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In my current role I’m very self-directed. I love that my boss isn’t constantly looking over my shoulder and that it’s up to me to determine my priorities for the day. This is partly due to the fact that I’ve established trust and synchronicity with my executive and partly due to how much my boss is away from the office. In fact, I would estimate that he is only in the office with me 25% - 35% of the time. The demands on his time and attention are many. I’m sure many of you can relate! The question then becomes, how do we get what we need in order to do our jobs effectively while our executive is out of the office or otherwise inaccessible?Below are 3 strategies for maintaining connection with your busy employer when they’re not as accessible as you’d like.Strategy #1: Take Work Preferences & Style Into AccountEveryone works a little differently. In the past I worked for an executive who worked really well using Wunderlist. I would add things to the list that he needed to attend to or follow up on and it would get done. I had another boss who preferred to connect via phone so she could hear my voice and get a feel for things. I would give her updates and we would discuss follow up items 3-4 times per week. This particular executive would respond to emails but rarely with all the information necessary to complete the task. This was okay, however, because we spoke so much. My current executive likes to receive 1 to 2 update emails per week wherein I give a download of everything I’ve worked on and a status report on projects and tasks. At the end of these emails I’ll give a laundry list of things I need from him. He’s very responsive and gives me feedback regarding how he would like things to be handled.If you are new to working with your current executive(s) or if you often feel out of sync with her you might examine working styles. Are you trying to impose your working style or expectations on your executive? Are there a few subtle shifts you can make to strengthen the connection? Try different things! I tried creating a shared Trello board with my current executive thinking he would totally fall in love with Trello as I did. This turned out not to be the case. No problem, I figured it out and shifted to our email method which is working really well.
Strategy #2: Over Communicate Due to the fact that our executives are busy humans they will undoubtedly have a lot going in internally. Their brains are full. All. The. Time. In order to support them effectively, we will likely need to keep company and personal priorities in front of them. Many assistants don’t want to “bother” their executives with anything no matter how important. This is a huge mistake! Partnering with our executives means that we need to adopt our bosses priorities and keep those priorities in front of them. While we definitely don’t want to overload our employers, there is a way to effectively “drip” relevant and important information to them that will leave them feeling supported and like we’ve got their backs.As a fellow assistant I would challenge you to take initiative whenever possible. Once you gain an understanding of your executive’s comfort levels and the more you gain her trust, the more initiative you will be able to take. Whether it’s a project, task, or other roadblock you’ve come up against, always ask yourself if you’ve taken it as far as you can before bringing it to your employer. When you do discuss it with your executive be sure to present a few possible solutions as well. This will show you are invested in his success and begin to set you apart as his strategic partner, not just his assistant. What better connection can you have than that?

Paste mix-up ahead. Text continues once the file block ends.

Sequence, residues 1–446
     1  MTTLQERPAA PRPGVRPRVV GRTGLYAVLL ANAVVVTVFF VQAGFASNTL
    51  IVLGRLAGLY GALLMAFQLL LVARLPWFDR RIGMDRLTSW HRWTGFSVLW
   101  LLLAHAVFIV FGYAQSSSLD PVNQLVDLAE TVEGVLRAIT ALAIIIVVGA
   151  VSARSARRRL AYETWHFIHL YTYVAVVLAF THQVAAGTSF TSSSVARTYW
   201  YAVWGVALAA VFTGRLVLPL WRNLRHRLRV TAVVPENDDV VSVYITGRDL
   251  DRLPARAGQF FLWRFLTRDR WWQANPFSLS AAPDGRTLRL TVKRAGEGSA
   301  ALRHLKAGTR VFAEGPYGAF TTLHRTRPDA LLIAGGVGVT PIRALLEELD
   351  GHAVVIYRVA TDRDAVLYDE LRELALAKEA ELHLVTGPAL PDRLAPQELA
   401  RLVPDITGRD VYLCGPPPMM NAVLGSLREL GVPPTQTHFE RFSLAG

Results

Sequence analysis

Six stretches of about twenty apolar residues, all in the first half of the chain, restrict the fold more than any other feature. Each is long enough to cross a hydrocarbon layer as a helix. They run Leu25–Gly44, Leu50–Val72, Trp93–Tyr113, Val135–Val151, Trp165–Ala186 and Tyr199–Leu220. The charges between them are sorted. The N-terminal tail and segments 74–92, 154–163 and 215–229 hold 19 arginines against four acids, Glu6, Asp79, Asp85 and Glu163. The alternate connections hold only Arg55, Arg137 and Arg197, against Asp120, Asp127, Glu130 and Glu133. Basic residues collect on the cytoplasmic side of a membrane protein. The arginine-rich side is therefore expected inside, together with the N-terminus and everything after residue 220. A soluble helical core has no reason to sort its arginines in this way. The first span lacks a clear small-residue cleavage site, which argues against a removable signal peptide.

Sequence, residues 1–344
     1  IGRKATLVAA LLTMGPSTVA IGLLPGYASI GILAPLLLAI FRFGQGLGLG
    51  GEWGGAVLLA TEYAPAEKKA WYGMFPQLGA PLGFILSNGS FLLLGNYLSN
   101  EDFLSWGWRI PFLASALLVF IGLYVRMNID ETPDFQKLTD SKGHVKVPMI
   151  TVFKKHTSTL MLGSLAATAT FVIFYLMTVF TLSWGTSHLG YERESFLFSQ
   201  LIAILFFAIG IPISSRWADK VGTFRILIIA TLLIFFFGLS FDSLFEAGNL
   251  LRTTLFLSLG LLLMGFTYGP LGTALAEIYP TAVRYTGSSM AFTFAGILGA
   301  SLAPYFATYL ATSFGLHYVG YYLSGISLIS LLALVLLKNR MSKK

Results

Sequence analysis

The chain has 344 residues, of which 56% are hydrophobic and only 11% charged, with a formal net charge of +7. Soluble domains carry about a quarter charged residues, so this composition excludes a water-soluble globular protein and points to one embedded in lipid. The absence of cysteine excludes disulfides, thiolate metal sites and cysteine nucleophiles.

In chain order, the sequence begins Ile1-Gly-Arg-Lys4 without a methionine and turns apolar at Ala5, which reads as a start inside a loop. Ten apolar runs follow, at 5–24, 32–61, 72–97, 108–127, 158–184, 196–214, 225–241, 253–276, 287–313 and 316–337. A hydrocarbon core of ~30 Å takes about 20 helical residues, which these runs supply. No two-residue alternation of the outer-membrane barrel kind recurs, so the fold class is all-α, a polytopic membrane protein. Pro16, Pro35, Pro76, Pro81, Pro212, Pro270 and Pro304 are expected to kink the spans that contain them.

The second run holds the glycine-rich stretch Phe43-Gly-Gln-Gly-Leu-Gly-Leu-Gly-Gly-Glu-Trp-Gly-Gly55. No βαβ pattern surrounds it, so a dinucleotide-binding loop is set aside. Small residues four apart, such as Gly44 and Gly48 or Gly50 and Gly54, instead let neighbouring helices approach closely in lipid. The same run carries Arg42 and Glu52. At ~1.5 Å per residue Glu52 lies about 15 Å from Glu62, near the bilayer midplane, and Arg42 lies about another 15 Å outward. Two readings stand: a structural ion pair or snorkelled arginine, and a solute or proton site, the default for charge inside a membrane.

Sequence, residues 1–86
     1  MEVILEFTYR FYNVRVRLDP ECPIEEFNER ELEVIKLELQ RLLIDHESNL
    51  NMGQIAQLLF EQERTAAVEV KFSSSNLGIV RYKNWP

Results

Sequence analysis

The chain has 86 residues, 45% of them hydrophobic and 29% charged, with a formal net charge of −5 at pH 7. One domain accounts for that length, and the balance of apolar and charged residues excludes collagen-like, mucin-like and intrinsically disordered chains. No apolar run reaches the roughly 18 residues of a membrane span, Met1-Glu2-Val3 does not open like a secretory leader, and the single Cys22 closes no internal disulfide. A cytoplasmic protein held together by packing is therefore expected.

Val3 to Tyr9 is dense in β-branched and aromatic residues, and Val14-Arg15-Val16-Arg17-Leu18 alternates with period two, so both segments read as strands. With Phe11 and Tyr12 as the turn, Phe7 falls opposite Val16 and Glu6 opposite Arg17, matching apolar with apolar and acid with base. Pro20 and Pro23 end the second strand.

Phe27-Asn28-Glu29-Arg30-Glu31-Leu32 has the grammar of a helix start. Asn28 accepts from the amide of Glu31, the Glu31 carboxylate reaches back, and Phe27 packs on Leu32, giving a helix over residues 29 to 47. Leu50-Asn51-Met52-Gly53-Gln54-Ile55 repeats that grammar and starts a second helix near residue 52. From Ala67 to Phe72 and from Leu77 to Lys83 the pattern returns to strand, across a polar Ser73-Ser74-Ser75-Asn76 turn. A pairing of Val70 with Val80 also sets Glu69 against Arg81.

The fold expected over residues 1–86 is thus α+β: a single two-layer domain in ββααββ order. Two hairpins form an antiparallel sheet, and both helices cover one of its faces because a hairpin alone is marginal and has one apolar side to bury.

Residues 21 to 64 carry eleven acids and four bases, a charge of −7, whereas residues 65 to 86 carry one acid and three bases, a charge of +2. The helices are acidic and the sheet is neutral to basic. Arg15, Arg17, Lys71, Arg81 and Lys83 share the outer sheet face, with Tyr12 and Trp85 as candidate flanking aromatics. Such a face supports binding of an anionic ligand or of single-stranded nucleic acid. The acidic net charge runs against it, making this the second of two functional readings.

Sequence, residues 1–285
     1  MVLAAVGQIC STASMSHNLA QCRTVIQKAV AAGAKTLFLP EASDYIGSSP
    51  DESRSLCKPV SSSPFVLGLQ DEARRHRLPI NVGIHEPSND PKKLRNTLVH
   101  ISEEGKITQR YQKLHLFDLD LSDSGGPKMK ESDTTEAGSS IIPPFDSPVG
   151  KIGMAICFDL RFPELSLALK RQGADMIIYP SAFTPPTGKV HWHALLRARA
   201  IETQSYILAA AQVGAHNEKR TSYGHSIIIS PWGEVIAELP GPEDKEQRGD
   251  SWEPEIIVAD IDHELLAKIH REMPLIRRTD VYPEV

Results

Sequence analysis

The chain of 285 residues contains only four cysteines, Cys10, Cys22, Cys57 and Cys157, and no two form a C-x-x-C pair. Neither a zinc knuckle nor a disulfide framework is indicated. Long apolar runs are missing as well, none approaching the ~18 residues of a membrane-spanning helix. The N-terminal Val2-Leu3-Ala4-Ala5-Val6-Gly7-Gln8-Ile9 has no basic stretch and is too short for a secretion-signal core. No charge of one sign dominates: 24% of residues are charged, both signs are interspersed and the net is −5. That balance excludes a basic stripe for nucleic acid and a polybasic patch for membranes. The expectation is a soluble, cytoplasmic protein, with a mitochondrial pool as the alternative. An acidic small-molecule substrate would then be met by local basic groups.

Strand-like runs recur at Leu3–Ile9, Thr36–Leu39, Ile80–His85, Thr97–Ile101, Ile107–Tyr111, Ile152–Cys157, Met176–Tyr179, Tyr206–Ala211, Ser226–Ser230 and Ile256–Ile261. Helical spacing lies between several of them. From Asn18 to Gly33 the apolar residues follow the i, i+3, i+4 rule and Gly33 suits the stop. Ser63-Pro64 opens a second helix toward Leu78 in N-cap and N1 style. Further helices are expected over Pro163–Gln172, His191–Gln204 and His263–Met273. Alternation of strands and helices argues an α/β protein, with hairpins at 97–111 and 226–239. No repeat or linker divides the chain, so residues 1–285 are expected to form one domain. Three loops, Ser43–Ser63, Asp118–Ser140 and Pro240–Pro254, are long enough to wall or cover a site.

Strategy #3 Systematize As Much As PossibleOnce you’ve nailed down how your employer prefers to communicate you can start to put a system together so nothing falls through the cracks. As I mentioned above, my current employer prefers to receive a summary of what I’ve been up to at least once a week. In addition to this I also maintain a revolving list in Trello of non-emergent items for which it would be better to discuss in person. That’s our system. Your system will look different than ours guaranteed. You are, after all, two different humans with a unique blend of preferences. Figure out what what your system looks like and implement it. I love systems because once you have them ingrained in your psyche you begin to operate out of habit, freeing brain power for more complex tasks. I don’t know about you, but I will take all the extra brain power I can get!One last noteIf you are anything like me, your face to face time with your boss is invaluable. Don’t compromise it! Add time to your executive’s calendar and treat it like you would any other important meeting. Only shift or move it when absolutely necessary. Stress to your executive the importance of this time as well. You are (or have the potential to be) your executive’s strategic partner. Embrace this title and value yourself enough to hold this time with her as sacred. About the AuthorAnnie Croner is a full time executive assistant and founder of WholeAssistant.com, a website designed to empower her fellow assistants in their careers as they navigate the unique and often challenging aspects of their roles.When she’s not working or blogging Annie enjoys social dancing (Salsa & Tango), spending time with friends and family, and exploring her new found love of yoga.
All things are not created equal, that is very true for salaries in the EA role. So many people ask, how much should I be making, many factors to consider.
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